Monday, September 26, 2011

Chypre Perfume Challenge

for the Autumn of 2011



  Sponsored by Coeur d’Esprit Natural Perfumes in Coquitlam, British Columbia, Canada
Beginning on Oct 1, 2011 with an end-date of Nov 30, 2011
The Prize to be sent out by the end of Dec.

The Mediterranean
What defines a Chypre (pronounced "sheeprrra") perfume? Chypre is the French word for Cyprus, which is a Eurasian Island Country, and is East of Greece, South of Turkey, West of Syria, and North of Egypt [thanks to wiki for this information]. The name harkens back almost a century to 1917 and perfumer Francois Coty who created a perfume of the same name.

This perfume has an aroma that is very rich and base with notes oakmoss, patchouli, labdanum woody/animalic, heavy florals, and bright citrus.

The flora of the Mediterranean include: Broom, Cedar, Cypress, Hyacinth, Labdanum (Rock Rose), Lavender, Oakmoss, Olive leaf, Pine, and Sour Seville Orange (Bitter Orange) so the Chypre perfume will have these contrasts of deep woodsy notes juxtaposed to heavy florals and lively citrus. Often, Patchouli is added as an element of the design.

Oakmoss has fallen out of favour in some circles but not with perfumers. It is one of our beloved components. If we use the low-atranol version, our perfumes will not only smell awesome, they will be safe.


Please be fair to others and ensure that, when you sign up, you intend to follow through with this project as only the first ten (10) Registrants will be taken then the registering process will be closed.

Anyone who wishes to Register, please do so now and send an email to me with the following information:

your full name
mailing address
phone number
recent photo
Website URL
permission to post your entry on my Blog
at and Website

Please ensure you follow all the 'guidelines'. In the first challenge, people 'lost points' for not including a data tag, using an incorrect amount of ingredients, not sending a photo, and so on.

1. No matter if your perfume is based in alcohol or oil, the end product should be clear and free from imperfections. The way to do this is to refrigerate, filter, and/or use a pipette to suck up all but the floating/sunken bits into another container. If your perfume has had a chance to sit for a month or so, and you have shaken it periodically, the more dense particulates will have diluted themselves into the alcohol or oil. Leave it sit again for a few days then draw off the clear part and put it in your final bottle.

Imagine you are doing all of this for a high-end client and really want to impress him or her. This is very good practice for when this happens for you.

2. For the Chypre challenge you are allowed 25 ingredients all together, not including the alcohol or oil.

3. A Data Tag must be attached ie: name of the perfume, list of the ingredients, name the base, your company information (even if it's simply your name and contact information), the size of the end product ie: 5 ml; precautions, how to use, and the 'best before date'. (See first two challenges for an idea of what a Data Tag looks like).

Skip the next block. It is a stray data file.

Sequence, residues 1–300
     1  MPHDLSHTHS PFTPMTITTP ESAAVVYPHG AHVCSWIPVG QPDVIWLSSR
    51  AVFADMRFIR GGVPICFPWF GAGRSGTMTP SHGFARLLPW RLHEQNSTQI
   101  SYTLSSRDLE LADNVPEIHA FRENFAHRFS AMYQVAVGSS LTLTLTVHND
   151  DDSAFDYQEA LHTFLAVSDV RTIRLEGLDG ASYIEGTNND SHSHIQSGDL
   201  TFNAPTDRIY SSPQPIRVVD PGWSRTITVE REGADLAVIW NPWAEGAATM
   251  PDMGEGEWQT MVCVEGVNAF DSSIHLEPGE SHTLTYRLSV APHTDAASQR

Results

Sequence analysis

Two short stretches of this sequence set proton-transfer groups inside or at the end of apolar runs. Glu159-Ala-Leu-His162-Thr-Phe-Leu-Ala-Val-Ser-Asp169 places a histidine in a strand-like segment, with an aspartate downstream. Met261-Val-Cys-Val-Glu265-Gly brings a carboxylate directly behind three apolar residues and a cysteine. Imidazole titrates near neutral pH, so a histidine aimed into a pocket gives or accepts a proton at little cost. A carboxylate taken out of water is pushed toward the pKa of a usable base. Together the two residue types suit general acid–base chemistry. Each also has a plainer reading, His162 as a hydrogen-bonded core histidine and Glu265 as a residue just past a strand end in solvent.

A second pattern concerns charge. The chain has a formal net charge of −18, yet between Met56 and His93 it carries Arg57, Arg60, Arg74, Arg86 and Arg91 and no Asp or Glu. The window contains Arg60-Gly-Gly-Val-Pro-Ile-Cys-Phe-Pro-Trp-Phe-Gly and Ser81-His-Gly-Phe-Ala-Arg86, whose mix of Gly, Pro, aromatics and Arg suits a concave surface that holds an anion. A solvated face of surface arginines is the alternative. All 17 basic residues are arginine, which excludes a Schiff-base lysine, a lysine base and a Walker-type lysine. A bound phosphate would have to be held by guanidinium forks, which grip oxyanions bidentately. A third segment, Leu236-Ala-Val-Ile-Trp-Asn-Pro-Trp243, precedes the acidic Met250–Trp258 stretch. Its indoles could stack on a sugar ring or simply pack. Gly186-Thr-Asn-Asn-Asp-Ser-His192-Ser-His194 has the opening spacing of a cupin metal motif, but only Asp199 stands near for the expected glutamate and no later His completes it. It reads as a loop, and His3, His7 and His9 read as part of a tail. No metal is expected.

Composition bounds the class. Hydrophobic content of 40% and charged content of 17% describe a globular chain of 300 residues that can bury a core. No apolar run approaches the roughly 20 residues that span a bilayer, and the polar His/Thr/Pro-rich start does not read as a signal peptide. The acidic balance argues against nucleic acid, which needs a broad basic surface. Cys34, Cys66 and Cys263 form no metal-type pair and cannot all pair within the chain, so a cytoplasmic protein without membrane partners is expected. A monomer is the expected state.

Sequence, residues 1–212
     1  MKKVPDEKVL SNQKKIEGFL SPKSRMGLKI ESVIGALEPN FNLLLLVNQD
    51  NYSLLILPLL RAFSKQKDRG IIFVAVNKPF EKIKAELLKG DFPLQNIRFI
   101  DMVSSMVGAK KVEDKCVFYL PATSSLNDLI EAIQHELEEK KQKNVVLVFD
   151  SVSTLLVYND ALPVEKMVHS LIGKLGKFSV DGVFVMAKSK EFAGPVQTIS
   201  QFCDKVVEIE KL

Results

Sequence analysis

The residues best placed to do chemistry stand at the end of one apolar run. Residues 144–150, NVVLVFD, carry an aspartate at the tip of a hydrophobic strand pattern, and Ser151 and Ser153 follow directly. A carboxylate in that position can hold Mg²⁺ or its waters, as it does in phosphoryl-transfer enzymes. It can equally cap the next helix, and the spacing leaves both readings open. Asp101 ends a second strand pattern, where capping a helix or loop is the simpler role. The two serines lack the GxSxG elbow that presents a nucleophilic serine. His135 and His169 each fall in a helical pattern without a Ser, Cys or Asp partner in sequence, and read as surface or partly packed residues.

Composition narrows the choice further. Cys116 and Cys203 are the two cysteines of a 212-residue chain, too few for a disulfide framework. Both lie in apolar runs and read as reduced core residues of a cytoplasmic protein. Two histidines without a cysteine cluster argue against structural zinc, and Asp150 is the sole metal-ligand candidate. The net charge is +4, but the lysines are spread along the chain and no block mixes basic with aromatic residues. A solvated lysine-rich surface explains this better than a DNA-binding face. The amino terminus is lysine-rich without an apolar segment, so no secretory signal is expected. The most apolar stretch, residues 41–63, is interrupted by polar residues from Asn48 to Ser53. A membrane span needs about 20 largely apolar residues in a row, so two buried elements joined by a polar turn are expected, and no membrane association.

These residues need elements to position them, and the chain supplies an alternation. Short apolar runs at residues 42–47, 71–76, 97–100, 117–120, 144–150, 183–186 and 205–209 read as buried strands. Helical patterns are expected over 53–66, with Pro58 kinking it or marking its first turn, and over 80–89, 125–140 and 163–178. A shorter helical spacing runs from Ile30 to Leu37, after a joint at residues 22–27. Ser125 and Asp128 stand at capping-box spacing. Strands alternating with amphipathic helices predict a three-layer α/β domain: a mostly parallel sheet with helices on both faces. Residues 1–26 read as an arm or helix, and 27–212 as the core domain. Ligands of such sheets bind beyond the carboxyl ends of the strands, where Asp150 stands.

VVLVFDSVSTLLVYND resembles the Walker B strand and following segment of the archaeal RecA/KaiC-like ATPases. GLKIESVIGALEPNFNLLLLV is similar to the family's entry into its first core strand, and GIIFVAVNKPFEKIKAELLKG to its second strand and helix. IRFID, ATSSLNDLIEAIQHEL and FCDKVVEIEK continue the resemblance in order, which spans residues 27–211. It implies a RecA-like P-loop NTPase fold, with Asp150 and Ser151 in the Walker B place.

4. Please follow these directions

Submit the perfume and the following to me by November 30th (You are not disqualified for being late but you do lose points.)

o send two 1 ml sample vials of perfume for evaluation via the postal mail

o base can be clear alcohol or oil (these do not count as part of the 25)

o If you use a scented tincture or maceration as your base, that will count as an ingredient.

o write 5 sentences that tell the vision behind your new creation and submit via email

o write 5 sentences about who you are in relation to Natural Perfumery and submit via email

o email me the notes in your perfume

o email me your photo

We hope that perfumers from all over the world will participate in this challenge.

Each perfumer is graded 1-10 on the following categories: how well they followed the above instructions; their vision of the perfume’s creation; a short five-sentence bio; a recent photo; a Data Tag with pertinent information about their perfume; the balance, character, diffusion, tenacity, and structure of their creation.

A Natural Perfume has the following qualities:

o Balance – so that no single component can be detected, unless it is a Soliflore
o Character – The twists and turns of a perfume as it evolves on the skin. What kind of a perfume is this? Is it a raunchy riot? Is it soft and gentle? Where does it take you? What’s at the heart of it? Does it have personality? How do the layers unfold? Who would this perfume appeal to?
o Diffusion – does it surround the wearer with an aura of scent?
o Structure – Is there harmony in the mix? Have the base, heart, and head notes been properly addressed? Are the proportions correct for these ingredients so that there is balance, character, diffusion, and tenacity? Is there cohesion? Does it have dimension?
o Tenacity – staying power is the ability of a perfume to last on the wearer for more than just a couple of hours

The Prize A beautiful 7.5 ml solid of Coeur d'Esprit Natural Perfume in a lovely enamel pot, suitable for wearing in the Winter; perfect to carry with you.

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